Think ‘The Amazing Spider-Man’s’ Lizard is Fiction? Think Again!
Ever watched a sci-fi movie and pretty much sat there throughout it wondering just how unrealistic the stunts are? And if you're being particularly optimistic (some might say, unrealistic), what it might take for you to perform said stunts? Well, we're glad to be the bearer of great news then!
In the latest installment of the Spider-Man franchise, scientist Dr. Curtis 'Curt' Connors attempts to re-grow his missing arm by combining human genes and genes from a salamander. The salamanders have this incredible superpower (really!) giving them the natural ability to re-grow their limbs. In the movie, when Connors tests the serum on himself (after it was successful on a mouse), there seems to be a small side-effect: he becomes an evil lizard villain.
(Dude, you could really use some moisturizer.)
Ignoring the whole giant lizard man thing (not going to happen, sorry) and focusing on the initial arm regeneration, we look to Koudy Williams, D.V.M., a self-professed "Spider-Man geek" at Wake Forest Baptist Medical Center's Institute. His inspiration was indeed Spider-Man, who wins awards for his research. Apart from being Spider-Man's #1 fan, Williams also studies the mechanisms of salamander regeneration in order to gain clues on how to regenerate human limbs.
Our bodies actually have a natural ability to regenerate wounded parts, and Williams (like Connors in the Spider-Man comics) is attempting to harness this ability and help injured military personnel. Fortunately, he assures us that they "would never combine human and animal genes," so we don't have to fear anything like The Lizard gracing Earth!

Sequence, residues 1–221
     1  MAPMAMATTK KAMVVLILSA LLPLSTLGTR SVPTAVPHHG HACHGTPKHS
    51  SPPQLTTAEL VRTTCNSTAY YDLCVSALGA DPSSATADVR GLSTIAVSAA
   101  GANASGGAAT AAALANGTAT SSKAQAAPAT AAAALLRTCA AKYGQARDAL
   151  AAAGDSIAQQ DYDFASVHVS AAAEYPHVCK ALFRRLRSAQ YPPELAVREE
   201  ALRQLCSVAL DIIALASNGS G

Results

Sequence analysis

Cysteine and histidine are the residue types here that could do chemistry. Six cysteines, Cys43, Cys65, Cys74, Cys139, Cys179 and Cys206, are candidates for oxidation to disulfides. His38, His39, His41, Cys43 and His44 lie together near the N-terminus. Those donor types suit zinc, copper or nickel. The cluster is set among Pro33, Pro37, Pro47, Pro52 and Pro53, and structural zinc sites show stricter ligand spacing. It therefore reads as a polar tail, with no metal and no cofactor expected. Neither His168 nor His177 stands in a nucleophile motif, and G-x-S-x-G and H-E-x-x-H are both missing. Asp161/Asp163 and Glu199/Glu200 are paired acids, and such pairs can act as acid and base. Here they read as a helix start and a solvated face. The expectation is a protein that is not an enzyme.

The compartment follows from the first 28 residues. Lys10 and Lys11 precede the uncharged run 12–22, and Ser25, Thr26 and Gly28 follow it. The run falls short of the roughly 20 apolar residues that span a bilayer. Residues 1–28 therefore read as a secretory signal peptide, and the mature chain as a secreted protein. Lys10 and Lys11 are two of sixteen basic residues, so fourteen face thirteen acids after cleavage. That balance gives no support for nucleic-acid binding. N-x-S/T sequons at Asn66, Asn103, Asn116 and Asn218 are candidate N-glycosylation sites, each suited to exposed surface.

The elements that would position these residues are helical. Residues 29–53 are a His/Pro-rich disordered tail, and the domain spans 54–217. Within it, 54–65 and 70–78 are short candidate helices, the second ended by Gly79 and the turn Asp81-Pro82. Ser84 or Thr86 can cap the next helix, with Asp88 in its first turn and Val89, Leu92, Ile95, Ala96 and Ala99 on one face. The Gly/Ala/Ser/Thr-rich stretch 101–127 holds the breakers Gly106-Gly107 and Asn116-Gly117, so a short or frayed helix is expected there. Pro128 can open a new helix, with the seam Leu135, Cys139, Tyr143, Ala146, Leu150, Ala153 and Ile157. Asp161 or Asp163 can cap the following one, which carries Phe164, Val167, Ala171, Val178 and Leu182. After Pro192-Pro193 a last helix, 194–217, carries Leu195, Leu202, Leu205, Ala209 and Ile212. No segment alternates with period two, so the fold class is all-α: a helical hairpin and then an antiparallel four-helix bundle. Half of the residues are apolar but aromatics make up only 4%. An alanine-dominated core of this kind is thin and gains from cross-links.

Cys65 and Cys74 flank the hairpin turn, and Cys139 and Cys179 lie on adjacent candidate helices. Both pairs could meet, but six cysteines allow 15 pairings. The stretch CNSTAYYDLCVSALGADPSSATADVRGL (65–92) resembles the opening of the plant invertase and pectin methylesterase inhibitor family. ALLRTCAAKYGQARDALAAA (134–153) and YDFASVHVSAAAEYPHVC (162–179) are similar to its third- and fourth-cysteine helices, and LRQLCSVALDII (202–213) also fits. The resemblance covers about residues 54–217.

(Not gonna happen, nerds.)
"The body has the capacity to heal naturally," says Williams. "When there's an injury, cells release substances known as chemokines that attract other cells to promote healing. That's how a broken bone repairs itself and the outer layer of the eye re-grows if it is scratched. In regenerative medicine, our aim is to boost this natural healing power."
In the same lab they have developed a device that shoots out a spider-web-looking material. Instead of swinging from building to building though, or glamourously catching falling cars, they use the material to spin a structure that can be used to create new blood vessels. Sure, it's definitely less exciting, but still saving lives!
So next time you're disappointed at how far-fetched the movie you're watching seems, don't be so pessimistic -- you never know what the future brings!